But at the same time, the goals of the national study were drastically narrowed. Plans, for example, to model the hazards potentially posed by dumping radioactive fracking wastewater at sewage treatment plants — essentially flushing it down the drain and allowing it to enter rivers only partially treated, as was common in Pennsylvania at the time — were slashed from the study.

That industry pressure has continued in the years since, and over time, EPA has indeed dramatically lowered its ambitions and limited the scope of its research, leaving only a small fraction of the original study standing, based on a review by DeSmog of internal EPA documents and emails.

Internal Documents Reveal Extensive Industry Influence Over EPA's National Fracking Study

In 2010, the Environmental Protection Agency (EPA) launched an ambitious and highly consequential study of the risks that hydraulic fracturing, or fracking, poses to American drinking water supplies.

This is about using the best possible science to do what the American people expect the EPA to do – ensure that the health of their communities and families are protected,” Paul Anastas, Assistant Administrator for the agency's Office of Research and Development, said in 2011.

But the EPA's study has been largely shaped and re-shaped by the very industry it is supposed to investigate, as energy company officials were allowed to edit planning documents, insisted on vetting agency contractors, and demanded to review federal scientist's field notes, photographs and laboratory results prior to publication, according to a review by DeSmog of over 3,000 pages of previously undisclosed emails, confidential draft study plans and other internal documents obtained through open records requests.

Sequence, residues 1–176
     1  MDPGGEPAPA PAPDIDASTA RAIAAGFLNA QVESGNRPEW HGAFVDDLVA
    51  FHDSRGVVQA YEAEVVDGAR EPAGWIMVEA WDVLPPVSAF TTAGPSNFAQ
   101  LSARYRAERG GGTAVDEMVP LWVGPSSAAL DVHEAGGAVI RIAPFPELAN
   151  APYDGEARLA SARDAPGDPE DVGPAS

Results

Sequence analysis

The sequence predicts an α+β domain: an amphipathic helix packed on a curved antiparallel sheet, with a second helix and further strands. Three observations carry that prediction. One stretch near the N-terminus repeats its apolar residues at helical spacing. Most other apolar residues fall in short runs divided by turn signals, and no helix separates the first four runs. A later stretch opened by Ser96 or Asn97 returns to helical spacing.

Company officials imposed demands so infeasible that the EPA ultimately dropped a key goal of the research, their plans to measure pollution levels before and after fracking at two new well sites, the documents show.

All told, the documents raise serious questions about the study's credibility and they highlight a certain coziness between the EPA and Chesapeake Energy, one of the most aggressive oil and gas companies in the shale gas rush.

“[Y]ou guys are part of the team here,” one EPA representative wrote to Chesapeake Energy as they together edited study planning documents in October 2013, “please write things in as you see fit”.

Chesapeake took them up on the offer.

Sued by Chesapeake Energy for Stealing Trade Secrets, Aubrey McClendon Hires PR Giant Edelman

Chesapeake Energy has sued its former CEO, Aubrey McClendon, for allegedly stealing its trade secrets in the months between his resignation and the formation of his new company, American Energy Partners. To defend itself outside of the courtroom, American Energy Partners has hired Edelmanthe 'world's largest' and often controversial public relations firm.

Filed on February 17 at the District Court of Oklahoma County, Chesapeake's legal complaint alleges McClendon covertly took map-based data owned by the company in the time between resigning from the company and then officially leaving the company in early 2013. Chesapeake also alleges that he then utilized that same confidential data for business and investment decisions at his new startup in deciding which land to purchase for hydraulic fracturing (“fracking”) for oil and gas.